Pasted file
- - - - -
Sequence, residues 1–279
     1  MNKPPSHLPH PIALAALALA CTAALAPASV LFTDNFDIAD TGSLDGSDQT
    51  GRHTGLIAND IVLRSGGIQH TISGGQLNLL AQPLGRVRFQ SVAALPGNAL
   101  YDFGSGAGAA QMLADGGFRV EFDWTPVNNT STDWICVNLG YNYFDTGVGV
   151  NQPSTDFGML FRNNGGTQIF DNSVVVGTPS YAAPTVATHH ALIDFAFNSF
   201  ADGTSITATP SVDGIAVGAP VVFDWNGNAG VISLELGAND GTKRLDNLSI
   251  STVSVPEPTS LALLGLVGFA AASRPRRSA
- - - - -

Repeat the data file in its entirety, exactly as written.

Sequence, residues 1–279
     1  MNKPPSHLPH PIALAALALA CTAALAPASV LFTDNFDIAD TGSLDGSDQT
    51  GRHTGLIAND IVLRSGGIQH TISGGQLNLL AQPLGRVRFQ SVAALPGNAL
   101  YDFGSGAGAA QMLADGGFRV EFDWTPVNNT STDWICVNLG YNYFDTGVGV
   151  NQPSTDFGML FRNNGGTQIF DNSVVVGTPS YAAPTVATHH ALIDFAFNSF
   201  ADGTSITATP SVDGIAVGAP VVFDWNGNAG VISLELGAND GTKRLDNLSI
   251  STVSVPEPTS LALLGLVGFA AASRPRRSA